“Once when I was celebrating New Years at Brandenburg Gate, it occurred that men touched my body and I was very surprised because I thought this doesn’t happen in Germany,” Chihiro, originally from Japan, told The Local.
“Before I had time to react, they were gone,” she said, adding that it was an exceptional case as she’s never experienced anything else like it in the ten years she’s lived in Germany.
Still, Chihiro’s experience is reminiscent of the sexual assaults by hundreds of young, mostly immigrant men in the western city of Cologne on New Year’s Eve almost two years ago which prompted the government to tighten rape laws a few months later.
But while the incidents initiated nationwide debates about sexual harassment at the time, the issue is still ongoing.
This year in May a 27-year-old Libyan man was given four months’ jail for grabbing a woman’s buttocks three times against her will in public, likely the first conviction in Germany under a new regulation.
Another woman The Local spoke to, Sophie from Hamburg, said she witnesses a form of sexual harassment “almost every other day” – not the groping kind, but the kind that involves how she is looked at and spoken to.
“I’ve built up armour to walk through the streets and also, sometimes … I don’t feel good dressing too feminine because then I get more harassment,” she said.
But not every woman can relate to constantly being badgered in the capital city. Marge, a student from Paderborn, North Rhine-Westphalia, told The Local she “luckily” had never been a victim of harassment of a sexual nature before.
“I suppose there’s sexual harassment everywhere in the world, but in Germany it’s not so openly discussed,” Marge said.
The #MeToo campaign is changing that, though, both online and offline.
This week all over the world people have been opening up, sharing their stories and calling for more to be done to tackle sexual harassment – including a well-known German actress named Nina Brandhoff.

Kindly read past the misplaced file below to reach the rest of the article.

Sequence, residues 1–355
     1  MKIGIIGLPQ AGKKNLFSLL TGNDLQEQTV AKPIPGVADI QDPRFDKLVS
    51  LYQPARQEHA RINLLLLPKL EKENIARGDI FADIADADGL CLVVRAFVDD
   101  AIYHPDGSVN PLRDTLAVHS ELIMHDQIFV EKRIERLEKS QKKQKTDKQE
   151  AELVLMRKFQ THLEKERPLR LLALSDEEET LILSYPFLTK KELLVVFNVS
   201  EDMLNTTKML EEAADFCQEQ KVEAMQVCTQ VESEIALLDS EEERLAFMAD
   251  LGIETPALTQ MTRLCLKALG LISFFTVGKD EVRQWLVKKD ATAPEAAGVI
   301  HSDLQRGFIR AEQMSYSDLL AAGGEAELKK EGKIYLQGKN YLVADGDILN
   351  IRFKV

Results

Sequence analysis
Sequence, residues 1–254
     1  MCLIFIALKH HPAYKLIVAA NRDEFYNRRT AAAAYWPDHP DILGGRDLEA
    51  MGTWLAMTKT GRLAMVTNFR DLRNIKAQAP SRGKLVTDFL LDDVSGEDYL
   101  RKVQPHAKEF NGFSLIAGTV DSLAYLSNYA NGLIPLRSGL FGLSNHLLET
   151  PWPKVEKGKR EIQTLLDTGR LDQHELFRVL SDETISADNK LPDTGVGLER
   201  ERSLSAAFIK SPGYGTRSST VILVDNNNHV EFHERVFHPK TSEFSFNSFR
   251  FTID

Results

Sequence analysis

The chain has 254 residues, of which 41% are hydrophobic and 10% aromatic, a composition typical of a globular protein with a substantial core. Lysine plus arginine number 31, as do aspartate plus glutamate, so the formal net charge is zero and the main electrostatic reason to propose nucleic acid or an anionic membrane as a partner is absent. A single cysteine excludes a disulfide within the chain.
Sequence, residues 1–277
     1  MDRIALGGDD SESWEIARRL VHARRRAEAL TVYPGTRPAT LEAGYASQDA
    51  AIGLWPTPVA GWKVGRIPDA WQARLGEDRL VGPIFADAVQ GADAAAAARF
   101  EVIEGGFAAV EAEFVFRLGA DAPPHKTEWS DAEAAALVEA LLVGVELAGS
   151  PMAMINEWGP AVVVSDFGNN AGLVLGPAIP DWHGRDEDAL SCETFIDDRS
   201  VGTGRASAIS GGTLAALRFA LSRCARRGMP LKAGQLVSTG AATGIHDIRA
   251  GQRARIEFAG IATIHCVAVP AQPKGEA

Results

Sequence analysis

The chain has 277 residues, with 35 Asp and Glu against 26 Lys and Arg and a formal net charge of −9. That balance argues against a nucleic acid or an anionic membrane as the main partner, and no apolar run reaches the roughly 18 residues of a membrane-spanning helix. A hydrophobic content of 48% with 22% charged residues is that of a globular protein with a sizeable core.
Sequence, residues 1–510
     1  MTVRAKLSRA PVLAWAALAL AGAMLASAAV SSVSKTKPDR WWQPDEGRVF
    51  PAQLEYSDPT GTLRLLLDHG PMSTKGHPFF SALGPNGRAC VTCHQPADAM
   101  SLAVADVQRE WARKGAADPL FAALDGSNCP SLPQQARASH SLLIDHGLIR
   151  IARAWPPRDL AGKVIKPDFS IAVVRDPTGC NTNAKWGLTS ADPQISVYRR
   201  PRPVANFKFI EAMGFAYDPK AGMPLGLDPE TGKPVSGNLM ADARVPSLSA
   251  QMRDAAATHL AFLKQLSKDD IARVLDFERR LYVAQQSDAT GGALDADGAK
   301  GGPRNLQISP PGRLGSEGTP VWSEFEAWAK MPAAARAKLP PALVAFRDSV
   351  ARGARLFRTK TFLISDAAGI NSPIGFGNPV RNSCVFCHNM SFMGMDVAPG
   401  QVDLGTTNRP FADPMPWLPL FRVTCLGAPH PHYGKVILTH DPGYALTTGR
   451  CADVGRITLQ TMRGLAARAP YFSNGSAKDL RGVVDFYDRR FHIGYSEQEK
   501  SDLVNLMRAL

Nina Brandhoff. Photo: DPA.
Famed for her roles in television series such as “Rosenheim-Cops” or “Der Bergdoktor,” the 42-year-old told Spiegel Online in a report published on Thursday that some of her colleagues “take advantage of their status as leading actors.”
One of Brandhoff’s colleagues for instance once pulled up her t-shirt to look underneath, she stated. “He bothers almost every woman on the set. But no one's saying anything. He's too important for the show.”
On another occasion, according to Brandhoff, a director who had promised her a role told her: “I would like to get your breasts out of your shirt and play around with them.”
“The perpetrators have such power because they profit from the silence of the victims and their shame,” said the 42-year-old.
But some victims aren’t staying silent any longer; dozens of people in the German film and television industry spoke to Spiegel Online about the sexual harassment they had seen or experienced for themselves. None of them dared to disclose their names though.
One 37-year-old actor argued in the report that women sexually harass men, too. He said he knows a female casting director that gives roles to young male actors if they show that they’re embracing her at parties.
The dangers of an industry in which power lies in the hands of very few people have been recently exposed by the Harvey Weinstein scandal – a Hollywood producer accused of harassing, sexually coercing and even raping actresses for years.
Over two dozen women – including actresses such as Angelina Jolie and Gwyneth Paltrow – have made accusations against him, charges which Weinstein denies.
The #MeToo campaign follows the US producer’s rape allegations, gaining momentum after actress Alyssa Milano in a tweet on Sunday asked victims of sexual assault to show solidarity and come forward.
If you’ve been sexually harassed or assaulted write ‘me too’ as a reply to this tweet. pic.twitter.com/k2oeCiUf9n
— Alyssa Milano (@Alyssa_Milano) October 15, 2017
Since then, in addition to high-profile actors taking to Twitter and Facebook to highlight the problem of sexual assault under the #MeToo hashtag, just by speaking about it, everyday people are highlighting it too.
With people all over the globe telling similar stories, it seems the issue crosses borders.
Two Swiss women The Local spoke to in Berlin said they think the men in Switzerland are more aggressive, one of them describing the men there as dogs that “don’t have any limits” when they get drunk.
And even though what Chihiro once endured at the Brandenburg Gate on New Years can under new laws be considered sexual assault, for the Japan native, living in Germany as a woman is a far cry from what it's like living in Japan.
In Japan, Chihiro says, men touching women inappropriately on the train or the subway “happens often or you hear about it often. There’s even an extra carriage on the subways only for women.”
“But in Germany I haven’t often experienced this,” she said.